Staged accidents: Three more plead guilty, another sentenced

Trucking news and briefs for Tuesday, Feb. 6, 2024:

One sentenced, three plead guilty in Louisiana staged-accident scheme

More legal action has recently occurred in the ongoing, widespread staged accident scheme that targeted trucking companies and their insurers in New Orleans.

On Dec. 13, Florence Randle, 72, of Gibson, Louisiana, was sentenced after previously pleading guilty to conspiracy to commit mail fraud for her role in the case.

According to court records, Randle recruited and directed passengers to participate in staged automobile collisions with tractor-trailers on May 17, 2017, and June 6, 2017. The passengers in these collisions filed fraudulent lawsuits that falsely claimed the tractor-trailers were at fault. Randle and her co-conspirators coordinated with others, including attorney Patrick Keating, to arrange the staged collisions, according to a press release from U.S. Attorney Duane A. Evans.

Randle was sentenced to two years of probation and ordered to pay $63,508 in restitution and a mandatory special assessment fee of $100.

[Related: Eight more sentenced in staged-accident scheme targeting trucks]

On Jan. 10, Dimitri Frazier, 31, of Westwego, Louisiana; Adonte Turner, 25, of New Orleans; and Tiffany Turner, 52, of New Orleans, pleaded guilty to conspiracy to commit wire fraud for their roles in the case. The three guilty pleas bring the total in the case, dubbed “Operation Sideswipe,” to 47.

According to court documents, on Nov. 13, 2017, Frazier and the Turners intentionally struck a tractor-trailer in the area of I-10 near Paris Road in New Orleans, then made false police reports, filed fraudulent lawsuits, lied during deposition testimony and sought unnecessary medical treatment.

They each face up to five years in prison, up to three years of probation and a fine of up to $250,000. Sentencing is set for April 10.

[Related: How the nuclear-verdicts threat rolls downhill to small fleets, owner-operators]

Trucking group owners found guilty in financial fraud scheme

A federal jury convicted two owners of a Salt Lake City-based trucking conglomerate of conspiracy to commit wire fraud.

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The defendants owned a group of trucking companies named Salt Lake Trucking Group (SLTG). According to court documents and evidence presented at trial, the defendants and their coconspirators paid over $300,000 in bribes to FedEx Ground employees, which resulted in SLTG receiving $108 million from FedEx over a 10-year period.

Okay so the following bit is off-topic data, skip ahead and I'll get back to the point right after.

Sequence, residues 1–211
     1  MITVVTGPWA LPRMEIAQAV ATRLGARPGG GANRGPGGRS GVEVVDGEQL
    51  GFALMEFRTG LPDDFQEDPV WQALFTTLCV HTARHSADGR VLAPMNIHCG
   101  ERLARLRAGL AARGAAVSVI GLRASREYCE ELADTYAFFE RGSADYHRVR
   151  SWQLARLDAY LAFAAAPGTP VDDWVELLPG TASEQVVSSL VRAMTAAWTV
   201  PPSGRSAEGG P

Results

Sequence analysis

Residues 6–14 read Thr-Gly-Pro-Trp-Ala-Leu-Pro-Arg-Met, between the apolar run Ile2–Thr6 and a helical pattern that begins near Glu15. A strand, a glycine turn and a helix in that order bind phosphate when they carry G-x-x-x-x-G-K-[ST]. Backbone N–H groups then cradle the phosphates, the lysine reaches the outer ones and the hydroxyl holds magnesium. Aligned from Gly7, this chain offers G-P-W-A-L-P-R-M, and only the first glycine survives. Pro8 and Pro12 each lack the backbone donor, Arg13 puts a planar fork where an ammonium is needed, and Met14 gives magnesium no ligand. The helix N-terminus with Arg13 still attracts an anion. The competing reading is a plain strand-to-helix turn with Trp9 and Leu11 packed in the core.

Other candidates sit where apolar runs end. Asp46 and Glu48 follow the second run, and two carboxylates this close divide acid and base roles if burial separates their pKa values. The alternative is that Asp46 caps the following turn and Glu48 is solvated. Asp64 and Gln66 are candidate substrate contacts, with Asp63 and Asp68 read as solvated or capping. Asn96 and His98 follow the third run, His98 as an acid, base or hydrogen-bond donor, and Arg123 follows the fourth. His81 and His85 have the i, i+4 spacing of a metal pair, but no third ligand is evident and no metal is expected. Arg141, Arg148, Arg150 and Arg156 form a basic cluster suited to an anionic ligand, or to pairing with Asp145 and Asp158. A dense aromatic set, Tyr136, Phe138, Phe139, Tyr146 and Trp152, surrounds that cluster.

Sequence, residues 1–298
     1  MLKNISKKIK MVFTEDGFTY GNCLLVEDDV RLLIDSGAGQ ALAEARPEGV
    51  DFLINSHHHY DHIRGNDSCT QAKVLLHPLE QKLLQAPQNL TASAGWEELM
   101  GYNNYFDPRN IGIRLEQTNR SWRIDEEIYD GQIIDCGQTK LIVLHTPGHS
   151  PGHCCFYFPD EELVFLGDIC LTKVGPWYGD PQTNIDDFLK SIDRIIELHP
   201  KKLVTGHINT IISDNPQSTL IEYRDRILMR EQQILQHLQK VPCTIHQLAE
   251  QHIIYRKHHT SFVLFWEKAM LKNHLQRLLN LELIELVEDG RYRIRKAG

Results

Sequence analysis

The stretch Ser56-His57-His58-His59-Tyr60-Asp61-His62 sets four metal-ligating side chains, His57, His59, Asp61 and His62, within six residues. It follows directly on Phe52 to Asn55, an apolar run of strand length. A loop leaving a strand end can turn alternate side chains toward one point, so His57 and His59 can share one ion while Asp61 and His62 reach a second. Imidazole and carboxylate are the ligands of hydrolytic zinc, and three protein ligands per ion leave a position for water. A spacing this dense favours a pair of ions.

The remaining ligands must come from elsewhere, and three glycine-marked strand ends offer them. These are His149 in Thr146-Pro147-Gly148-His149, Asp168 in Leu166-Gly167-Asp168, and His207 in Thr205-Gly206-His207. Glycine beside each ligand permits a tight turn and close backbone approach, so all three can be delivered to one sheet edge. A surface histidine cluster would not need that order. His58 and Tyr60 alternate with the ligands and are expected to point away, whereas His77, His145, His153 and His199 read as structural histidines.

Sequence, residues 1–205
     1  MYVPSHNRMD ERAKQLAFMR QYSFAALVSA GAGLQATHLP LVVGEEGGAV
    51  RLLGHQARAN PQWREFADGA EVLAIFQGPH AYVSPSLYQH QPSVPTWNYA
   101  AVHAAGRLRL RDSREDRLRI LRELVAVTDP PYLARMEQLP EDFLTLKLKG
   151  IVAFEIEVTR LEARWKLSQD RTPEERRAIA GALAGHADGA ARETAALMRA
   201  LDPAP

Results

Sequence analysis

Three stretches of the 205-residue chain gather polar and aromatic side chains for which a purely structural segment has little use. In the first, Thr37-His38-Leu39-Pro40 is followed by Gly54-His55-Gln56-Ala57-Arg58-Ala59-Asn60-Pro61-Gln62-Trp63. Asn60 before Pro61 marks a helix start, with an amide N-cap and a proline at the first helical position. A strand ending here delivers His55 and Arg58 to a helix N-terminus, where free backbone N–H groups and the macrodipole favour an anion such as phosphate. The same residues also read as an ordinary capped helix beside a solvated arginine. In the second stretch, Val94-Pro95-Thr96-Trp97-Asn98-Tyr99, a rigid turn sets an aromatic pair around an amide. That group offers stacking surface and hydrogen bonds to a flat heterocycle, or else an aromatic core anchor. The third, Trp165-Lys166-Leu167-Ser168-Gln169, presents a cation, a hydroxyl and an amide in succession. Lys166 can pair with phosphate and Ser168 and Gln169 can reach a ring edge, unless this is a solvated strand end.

At the time of the conspiracy, the defendants, Yevgeny Felix Tuchinsky, 63, of Salt Lake County, Utah, was also a resident of San Diego, California; Konstantin Mikhaylovich Tomilin, 54, also of Salt Lake County, was also a resident of Bucks County, Pennsylvania. Tuchinsky and Tomilin owned and operated several trucking companies consolidated under SLTG. 

At trial, the jury was presented with evidence that FedEx contracts with local trucking companies to haul FedEx packages in tractor-trailers. FedEx refers to these companies as contract service providers (CSPs). FedEx pays the CSPs by the mile. SLTG was among those local CSPs.

Beginning around 2009 and continuing to 2019, the defendants bribed FedEx employees in exchange for those employees providing more business to SLTG. Instead of competing fairly against other CSPs for FedEx business, SLTG bribed FedEx employees to obtain miles and money, the jury found. The bribes resulted in unearned FedEx business for over a decade. 

Defendants and coconspirators also engaged in deceptive practices to conceal from FedEx that they were violating several FedEx policies and contractual provisions, and they bribed FedEx employees to help deceive FedEx and cover up their violations. These deceptive practices included creating shell companies and lying to FedEx about the true ownership of the companies, concealing that SLTG owned and operated the shell companies and that the shell companies shared the same owners, assets, trucks and employees.

Defendants and coconspirators also lied to FedEx about dozens of SLTG drivers’ qualifications. Further, defendants and coconspirators failed to honestly report accidents to FedEx. As established at trial, had FedEx known about SLTG’s bribery, true size, ownership, false driver applications and accidents, FedEx would have terminated SLTG and its subsidiaries as CSPs. 

In addition to the $108 million benefit from FedEx to SLTG as a result of the bribery, Tuchinsky personally gained $7 million and Tomilin more than $4 million from the scheme. 

Tuchinsky’s and Tomilin’s sentencing is scheduled for May 20, before U.S. District Court Chief Judge Robert J. Shelby at the United States District Courthouse in downtown Salt Lake City. 

[Related: Former FedEx contractor sentenced for role in fraud scheme]

Ohio CDL examiner sentenced for submitting false test results

A former CDL examiner in Ohio was sentenced to a year of probation and a $100 special assessment on Jan. 17 after previously pleading guilty to one count of conspiracy to commit mail fraud.

According to the DOT Office of Inspector General, between February 2018 and February 2020, Shawn Martin submitted false CDL test results to the Ohio Department of Public Safety. Specifically, Martin submitted test results for applicants who either failed or never took the tests in exchange for payments.

The Ohio Department of Public Safety, Bureau of Motor Vehicles (BMV), ultimately mailed the applicants fraudulent CDLs based on the falsified test results Martin submitted.

[Related: State troopers indicted in CDL test bribery scheme]